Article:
Downtown Houston’s historic Humble Oil Building complex has gotten a new owner with a new plan. RLJ Lodging Trust just acquired the three-building hotel and apartment complex for $79.5 million and announced that it will convert the property’s residential tower to a lodging facility.
The off-market transaction, financed through RLJ’s revolving credit facility, wasn’t a bad deal considering that in 2003, the then-owner–a partnership spearheaded by Housing Horizons, a subsidiary of Kimberly-Clark–invested $70 million in the redevelopment of what had been the original headquarters of Humble Oil and Refining Company. The transformation resulted in the opening of the 191-room Courtyard Houston Downtown Convention Center , the 171-room Residence Inn Houston Downtown Convention Center and the 82-residence Humble Tower Luxury Apartments, which occupies a 17-story structure developed in 1936.
The iconic complex, with its two other structures having been originally built in 1921 and 1940, is listed on the National Register of Historic Places, and RLJ will respect the designation as it reinvents the existing apartment tower as a SpringHill Suites. The new hotel will add 166 guestrooms to the hungry market surrounding the 1.2 million-square-foot George R. Brown Convention Center.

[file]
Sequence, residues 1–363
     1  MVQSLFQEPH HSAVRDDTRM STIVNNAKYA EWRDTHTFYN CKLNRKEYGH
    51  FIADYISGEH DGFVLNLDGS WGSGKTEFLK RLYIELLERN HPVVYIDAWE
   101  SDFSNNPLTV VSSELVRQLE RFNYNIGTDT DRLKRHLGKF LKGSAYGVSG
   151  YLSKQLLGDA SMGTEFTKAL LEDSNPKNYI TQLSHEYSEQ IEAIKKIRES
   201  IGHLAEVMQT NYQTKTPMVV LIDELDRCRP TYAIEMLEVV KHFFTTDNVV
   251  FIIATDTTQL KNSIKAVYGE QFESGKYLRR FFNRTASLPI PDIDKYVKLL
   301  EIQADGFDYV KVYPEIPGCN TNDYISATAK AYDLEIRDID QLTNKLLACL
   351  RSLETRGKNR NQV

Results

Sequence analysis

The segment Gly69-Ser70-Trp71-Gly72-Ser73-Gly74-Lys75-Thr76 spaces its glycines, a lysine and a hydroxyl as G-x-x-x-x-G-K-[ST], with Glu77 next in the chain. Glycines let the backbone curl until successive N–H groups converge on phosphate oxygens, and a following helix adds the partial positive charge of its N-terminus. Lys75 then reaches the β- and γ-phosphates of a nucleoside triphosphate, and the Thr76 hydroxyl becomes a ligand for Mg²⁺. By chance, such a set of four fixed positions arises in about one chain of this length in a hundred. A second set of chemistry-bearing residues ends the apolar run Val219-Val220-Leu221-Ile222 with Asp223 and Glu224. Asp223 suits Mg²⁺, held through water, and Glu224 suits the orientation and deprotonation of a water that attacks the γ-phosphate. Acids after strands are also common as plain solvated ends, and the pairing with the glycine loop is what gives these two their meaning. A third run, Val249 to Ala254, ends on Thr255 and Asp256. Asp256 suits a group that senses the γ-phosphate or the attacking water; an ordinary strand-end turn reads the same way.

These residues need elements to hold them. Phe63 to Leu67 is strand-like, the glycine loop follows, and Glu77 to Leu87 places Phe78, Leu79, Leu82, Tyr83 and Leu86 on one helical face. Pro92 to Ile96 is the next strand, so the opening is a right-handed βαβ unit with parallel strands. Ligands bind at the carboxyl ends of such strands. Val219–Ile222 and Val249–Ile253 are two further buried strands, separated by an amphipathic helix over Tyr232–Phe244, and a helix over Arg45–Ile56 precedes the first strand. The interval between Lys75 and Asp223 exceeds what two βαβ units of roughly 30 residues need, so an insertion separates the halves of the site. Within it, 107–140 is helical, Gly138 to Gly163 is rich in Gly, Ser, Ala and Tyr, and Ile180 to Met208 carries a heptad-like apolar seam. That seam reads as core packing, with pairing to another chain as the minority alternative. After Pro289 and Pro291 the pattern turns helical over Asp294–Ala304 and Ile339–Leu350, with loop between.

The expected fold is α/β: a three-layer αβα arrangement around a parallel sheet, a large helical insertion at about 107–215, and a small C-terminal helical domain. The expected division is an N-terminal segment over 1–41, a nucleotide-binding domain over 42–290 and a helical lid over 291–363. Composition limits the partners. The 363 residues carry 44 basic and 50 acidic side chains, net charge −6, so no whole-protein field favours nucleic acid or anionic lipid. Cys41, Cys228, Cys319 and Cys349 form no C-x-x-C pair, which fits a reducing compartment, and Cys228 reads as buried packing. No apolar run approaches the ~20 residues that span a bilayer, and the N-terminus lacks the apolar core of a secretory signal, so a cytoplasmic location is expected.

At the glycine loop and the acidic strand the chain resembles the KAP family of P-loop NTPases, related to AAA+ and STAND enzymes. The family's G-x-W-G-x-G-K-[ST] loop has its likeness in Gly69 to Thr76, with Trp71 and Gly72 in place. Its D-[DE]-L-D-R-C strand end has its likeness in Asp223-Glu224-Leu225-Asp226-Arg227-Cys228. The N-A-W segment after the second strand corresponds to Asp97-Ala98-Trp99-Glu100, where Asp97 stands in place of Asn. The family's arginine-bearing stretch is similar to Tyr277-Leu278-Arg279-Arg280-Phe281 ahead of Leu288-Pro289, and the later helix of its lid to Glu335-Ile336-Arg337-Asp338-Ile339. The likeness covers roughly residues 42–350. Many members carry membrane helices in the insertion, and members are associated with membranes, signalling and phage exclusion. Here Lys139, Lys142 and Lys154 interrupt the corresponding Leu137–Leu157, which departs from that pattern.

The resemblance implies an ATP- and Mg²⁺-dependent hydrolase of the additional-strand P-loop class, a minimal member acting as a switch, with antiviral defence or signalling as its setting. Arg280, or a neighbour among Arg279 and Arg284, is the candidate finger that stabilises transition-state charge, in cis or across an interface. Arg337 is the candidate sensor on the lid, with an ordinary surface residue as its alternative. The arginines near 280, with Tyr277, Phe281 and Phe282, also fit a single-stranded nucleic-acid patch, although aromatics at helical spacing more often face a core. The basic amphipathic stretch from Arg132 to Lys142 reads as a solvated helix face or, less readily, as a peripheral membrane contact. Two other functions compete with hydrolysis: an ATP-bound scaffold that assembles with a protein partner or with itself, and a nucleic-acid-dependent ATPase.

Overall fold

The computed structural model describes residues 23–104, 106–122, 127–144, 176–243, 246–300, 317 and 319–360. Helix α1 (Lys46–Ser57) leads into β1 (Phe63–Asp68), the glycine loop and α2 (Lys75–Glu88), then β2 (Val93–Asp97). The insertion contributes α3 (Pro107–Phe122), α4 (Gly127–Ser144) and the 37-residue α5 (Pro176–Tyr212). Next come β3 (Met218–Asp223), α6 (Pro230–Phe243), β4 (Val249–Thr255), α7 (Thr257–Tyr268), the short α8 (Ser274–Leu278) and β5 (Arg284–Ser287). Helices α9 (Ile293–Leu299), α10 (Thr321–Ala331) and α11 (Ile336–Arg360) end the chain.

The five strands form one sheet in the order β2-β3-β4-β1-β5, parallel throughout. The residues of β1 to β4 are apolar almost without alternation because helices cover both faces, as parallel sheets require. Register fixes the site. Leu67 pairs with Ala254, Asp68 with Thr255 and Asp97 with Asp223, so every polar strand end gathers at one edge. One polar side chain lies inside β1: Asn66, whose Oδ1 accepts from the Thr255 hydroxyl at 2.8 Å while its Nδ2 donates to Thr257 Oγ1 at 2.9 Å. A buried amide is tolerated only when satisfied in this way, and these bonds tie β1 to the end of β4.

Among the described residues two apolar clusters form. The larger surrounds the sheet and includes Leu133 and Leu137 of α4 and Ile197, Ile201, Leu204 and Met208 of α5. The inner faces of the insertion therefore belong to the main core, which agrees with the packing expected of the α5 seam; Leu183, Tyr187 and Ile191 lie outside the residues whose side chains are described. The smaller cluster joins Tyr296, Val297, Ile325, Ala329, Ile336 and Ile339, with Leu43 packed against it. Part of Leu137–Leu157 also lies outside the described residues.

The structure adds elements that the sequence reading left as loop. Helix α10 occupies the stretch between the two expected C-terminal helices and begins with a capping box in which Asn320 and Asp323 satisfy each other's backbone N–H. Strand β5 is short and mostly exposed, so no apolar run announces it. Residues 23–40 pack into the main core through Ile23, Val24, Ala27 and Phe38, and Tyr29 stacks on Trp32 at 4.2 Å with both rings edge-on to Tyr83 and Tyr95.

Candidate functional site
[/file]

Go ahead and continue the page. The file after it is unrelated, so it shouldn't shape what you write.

“The convention center has been pretty steady over the last two years but they really haven’t been able to attract larger conventions because of the lack of immediate rooms,” Luigi Major, a managing director with global hospitality consulting firm HVS, told Commercial Property Executive.
RLJ isn’t the only developer that has its eye on the gap between supply and demand near the convention center. Quite a few projects are on tap, including the 1,000-room Marriott Marquis, which will be physically connected to the gargantuan meeting center.
But it’s not just the convention center that is spurring demand. Houston’s thriving economy and booming energy sector have translated into a loud cry for hotel rooms downtown. “What we see in downtown Houston is a lot of demand that’s not being accommodated in the market because there’s no capacity right now, so it’s being pushed out [to other submarkets],” Major said. “But when you have that increase in supply, some of the demand will return, on top of the demand that can be generated by the convention center attracting larger groups once it has the capacity to hold those groups.”
Construction of RLJ’s new SpringHill suites is scheduled to reach completion and join the two other hotels at the Humble Oil complex in mid-2015.